August 02, 2014, 05:53:15 AM

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Messages - jdramirez

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First off, let me apologize for asking a question that has been asked half a hundred times... but here we go.

I find a roof on Amazon that gets solid reviews and it is almost perfect for my needs.

Her are my needs:
It doesn't have to be that light weight, but aluminum would be nice.
I want a removable leg which works as a monopod.
I prefer a wing release on the legs rather than the screw type, but I can live with it.
I want a ball head.
I want a removable head so I can use the legs as a flash stand with an umbrella bracket.
And here's the deal breaker for me... I want the monopod to have the additional spokes which turn it into a tripod.

So do I need to start my own tripod company to get all of these specifications?

I found one on Amazon that meets four of the above, but I'd really like the retractable spokes.

Sometimes people just try to get you to buy stuff. Caveat emptor.

For me personally, and I well understand others will see it differently, reliability is worth way more to me than a $100


Tested my Canon 600EX-RT flashes with Canon ST-E3-RT Speedlite Transmitter, I have no issue trigger the flashes at 150 feet. 15/15 shots, got them all.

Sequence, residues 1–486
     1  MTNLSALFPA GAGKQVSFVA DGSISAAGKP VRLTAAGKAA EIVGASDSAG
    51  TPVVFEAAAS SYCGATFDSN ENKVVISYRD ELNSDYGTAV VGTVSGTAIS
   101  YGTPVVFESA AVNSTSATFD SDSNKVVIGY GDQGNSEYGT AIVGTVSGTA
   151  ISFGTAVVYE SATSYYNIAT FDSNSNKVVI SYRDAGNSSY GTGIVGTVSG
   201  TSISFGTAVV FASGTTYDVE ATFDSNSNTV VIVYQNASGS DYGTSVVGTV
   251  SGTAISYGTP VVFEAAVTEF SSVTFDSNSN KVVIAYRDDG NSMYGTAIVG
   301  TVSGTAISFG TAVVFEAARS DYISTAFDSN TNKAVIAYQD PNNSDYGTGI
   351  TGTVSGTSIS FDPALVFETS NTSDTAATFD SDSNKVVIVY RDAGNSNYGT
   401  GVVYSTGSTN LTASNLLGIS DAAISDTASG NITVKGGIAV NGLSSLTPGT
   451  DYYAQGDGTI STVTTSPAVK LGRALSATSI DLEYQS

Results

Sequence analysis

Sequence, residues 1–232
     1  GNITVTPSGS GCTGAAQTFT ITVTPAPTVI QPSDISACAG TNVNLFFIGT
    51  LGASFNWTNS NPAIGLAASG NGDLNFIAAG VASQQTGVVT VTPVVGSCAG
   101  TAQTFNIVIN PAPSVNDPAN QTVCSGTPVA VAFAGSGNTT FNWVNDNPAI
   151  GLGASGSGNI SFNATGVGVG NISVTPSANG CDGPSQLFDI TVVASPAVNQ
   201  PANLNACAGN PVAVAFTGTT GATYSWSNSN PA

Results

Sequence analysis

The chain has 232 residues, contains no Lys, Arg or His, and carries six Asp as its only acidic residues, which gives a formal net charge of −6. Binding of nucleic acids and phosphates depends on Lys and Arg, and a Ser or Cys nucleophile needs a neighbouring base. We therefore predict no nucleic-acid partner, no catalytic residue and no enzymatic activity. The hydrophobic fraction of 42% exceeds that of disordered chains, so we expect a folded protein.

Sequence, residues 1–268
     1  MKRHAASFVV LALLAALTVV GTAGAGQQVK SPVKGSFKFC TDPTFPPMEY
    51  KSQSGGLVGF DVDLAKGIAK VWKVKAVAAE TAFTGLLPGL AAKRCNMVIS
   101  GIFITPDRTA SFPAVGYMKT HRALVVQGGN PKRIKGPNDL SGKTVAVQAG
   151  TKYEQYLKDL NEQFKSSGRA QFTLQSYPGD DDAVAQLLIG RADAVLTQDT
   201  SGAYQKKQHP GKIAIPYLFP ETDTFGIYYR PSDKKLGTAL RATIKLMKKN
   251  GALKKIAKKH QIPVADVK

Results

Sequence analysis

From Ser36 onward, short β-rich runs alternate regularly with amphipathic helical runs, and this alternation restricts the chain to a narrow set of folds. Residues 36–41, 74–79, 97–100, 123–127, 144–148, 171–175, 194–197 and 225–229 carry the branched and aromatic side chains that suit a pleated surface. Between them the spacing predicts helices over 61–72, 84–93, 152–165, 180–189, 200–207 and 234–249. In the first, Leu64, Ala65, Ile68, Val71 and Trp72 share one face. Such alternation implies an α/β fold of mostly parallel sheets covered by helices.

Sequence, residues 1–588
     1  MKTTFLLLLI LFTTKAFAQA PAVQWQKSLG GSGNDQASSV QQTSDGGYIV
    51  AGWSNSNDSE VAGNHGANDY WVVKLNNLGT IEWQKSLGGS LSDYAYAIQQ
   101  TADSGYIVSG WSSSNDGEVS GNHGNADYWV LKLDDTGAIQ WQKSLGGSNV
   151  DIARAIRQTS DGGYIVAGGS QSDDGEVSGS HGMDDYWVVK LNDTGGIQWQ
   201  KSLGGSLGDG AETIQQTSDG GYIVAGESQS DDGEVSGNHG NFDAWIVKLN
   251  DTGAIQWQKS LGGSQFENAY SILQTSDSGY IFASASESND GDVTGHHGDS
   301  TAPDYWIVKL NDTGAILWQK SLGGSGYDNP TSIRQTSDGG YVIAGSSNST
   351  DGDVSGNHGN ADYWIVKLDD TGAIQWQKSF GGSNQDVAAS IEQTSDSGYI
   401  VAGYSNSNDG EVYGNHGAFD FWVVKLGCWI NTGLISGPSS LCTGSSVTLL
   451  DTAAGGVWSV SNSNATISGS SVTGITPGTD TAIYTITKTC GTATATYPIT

My garage is not that big, but I'm going to test them at 200 feet this coming weekend - stay tune... ::)

Still work at 200ft.... :o :o :o

Have you tested the distance using the 600rt as the trigger?

I'm so late to this conversation, but is the presumption threat the 16-35 f4L going to replace the 17-40 f4L ?

I'm not a big fan of the wide angle look so it doesn't really affect me one way or another, but I have thought about doing some freelance real estate photography on the weekends.  So obviously a wide angle is preferable for that... and I'm curious if waiting for the new lens to drop in price is worth it....

I was told to buy an grip, because the 6D´s GPS drains the batteries quite much. Better take an exchance battery in my backpack without an grip?

I would think it would be far easier to take one or two spare charged batteries with you than getting a grip.  You should get a grip because you want a grip, not for just the extra battery.  How long does it take to change a battery on a 6D?  Compare that with the full time bulk and weight of a grip.

More to the point, the grip doesn't offer any added power, other than keeping two charged batteries in there at the same time.  So just spend your money on extra batteries, keep them charged, and swap out as needed.  And deactivate the GPS when you aren't shooting.  I've never even turned mine on, although I would for some nice landscapes or travel photography.

3rd party grips do allow you to use double a batteries in a pinch and that is a nice option.

Get the 6d and a solid tripod.  I'd personally go with a SanDisk card which are seemingly more reliable, and I wouldn't get a third party grip.  Just get an oem battery.

If you are doing mostly landscape, manually focus on a tripod using live view and probably smaller apertures...